Never one to mince words or dodge the big points, Adichie used this short five-minute speech to give lavish praise to Girls Write Now and to the other speakers on the program, taking her time to make her observations thoughtful, vivid, and funny--and encouraging. But then she directed her comments to the girls doing the writing, the core of the program:
....I teach a writing workshop in Nigeria in every year and what I say to my students, and what I say mostly to the female students is, "forget about likability".My recent post Did I just get public speaking advice? Shade? Or a virtual "shut up?" included an example of a young woman speaker urged to be more likable, and if that's happened to you, this speech is a great pep talk. It got plenty of buzz in the weeks following the awards. What can you learn from this famous speech?
I think that's what our society teaches young girls and I think it's also something that's quite difficult for even older women, self-confessed feminists, to shrug off, is that idea that likability is an essential part of the space you occupy in the world. That you're supposed to twist yourself into shapes to make yourself likable. That you're supposed to kind of hold back sometimes, pull back, don't quite say, don't be too pushy because you have to be likable.
And I say that is bullshit. And so what I want to say to the young girls is, forget about likability. If you start off thinking about being likable, you're not going to tell your story honestly. Because you're going to be so concerned with not offending. And that's going to ruin your story. So forget about likability. And also the world is such a wonderful, diverse, multi-faceted place, that there's somebody who's going to like you. You don't need to twist yourself into shapes.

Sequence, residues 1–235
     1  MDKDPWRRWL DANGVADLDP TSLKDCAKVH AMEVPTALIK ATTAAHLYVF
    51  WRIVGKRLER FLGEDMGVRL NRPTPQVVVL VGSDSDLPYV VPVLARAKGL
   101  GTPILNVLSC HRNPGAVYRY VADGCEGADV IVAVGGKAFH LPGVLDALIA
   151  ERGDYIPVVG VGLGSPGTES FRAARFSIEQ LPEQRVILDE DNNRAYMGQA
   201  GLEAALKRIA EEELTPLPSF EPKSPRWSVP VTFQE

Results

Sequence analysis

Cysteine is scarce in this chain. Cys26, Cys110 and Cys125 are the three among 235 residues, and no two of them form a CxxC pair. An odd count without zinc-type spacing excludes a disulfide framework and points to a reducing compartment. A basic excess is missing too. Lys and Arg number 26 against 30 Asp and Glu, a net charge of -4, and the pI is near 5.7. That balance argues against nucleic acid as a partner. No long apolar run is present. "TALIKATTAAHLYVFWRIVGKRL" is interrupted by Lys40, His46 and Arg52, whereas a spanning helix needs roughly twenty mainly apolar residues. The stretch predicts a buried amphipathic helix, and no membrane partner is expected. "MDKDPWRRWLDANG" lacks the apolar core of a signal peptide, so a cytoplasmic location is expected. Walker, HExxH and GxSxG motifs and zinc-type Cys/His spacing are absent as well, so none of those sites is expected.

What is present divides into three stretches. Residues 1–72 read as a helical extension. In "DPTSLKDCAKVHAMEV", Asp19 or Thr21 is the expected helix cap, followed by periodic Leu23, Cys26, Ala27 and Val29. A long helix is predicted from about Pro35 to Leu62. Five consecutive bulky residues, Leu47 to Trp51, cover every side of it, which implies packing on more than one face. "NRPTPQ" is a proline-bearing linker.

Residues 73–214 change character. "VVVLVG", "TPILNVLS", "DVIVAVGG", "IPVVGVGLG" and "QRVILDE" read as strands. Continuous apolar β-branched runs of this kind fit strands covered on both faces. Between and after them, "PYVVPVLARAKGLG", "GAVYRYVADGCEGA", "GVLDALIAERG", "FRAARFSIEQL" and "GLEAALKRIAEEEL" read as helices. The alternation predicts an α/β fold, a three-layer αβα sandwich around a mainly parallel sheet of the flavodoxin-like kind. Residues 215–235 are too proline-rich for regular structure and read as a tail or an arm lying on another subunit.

- Refute with an absolute: Adichie here wants to refute thoroughly the idea that girls should try to be likable, and by saying, "And I say that is bullshit," she uses a forceful, short, and powerful absolute to do the job. In the same way that a brief "Absolutely not!" would refute an specious idea better than several long sputtering sentences, her brevity is wielded as a cudgel and it's all the more powerful.
- Reflect the realities: There's solid research to show that people think women can be competent or likable, but not both--in other words, if you're competent, we don't like you, and if we like you, you must not be competent. Talking about that phenomenon, and how to handle it by ignoring the yen to be liked, takes it out of the realm of the not-noticed and into the forefront, where we can all start dealing with it. And for women listening to this speech, it helps them to realize that criticism about likability isn't really about them.
- Use a strong metaphor: Metaphors, when well-chosen, light up your mind's eye with a vivid image, and here, Adichie's choice of "twist yourself into shapes" does wonders in four words. That neat, short metaphor is worth its weight in gold, and gets her point across quickly and with force.
Chimamanda Ngozi Adichie 2015 Girls Write Now Awards Speech
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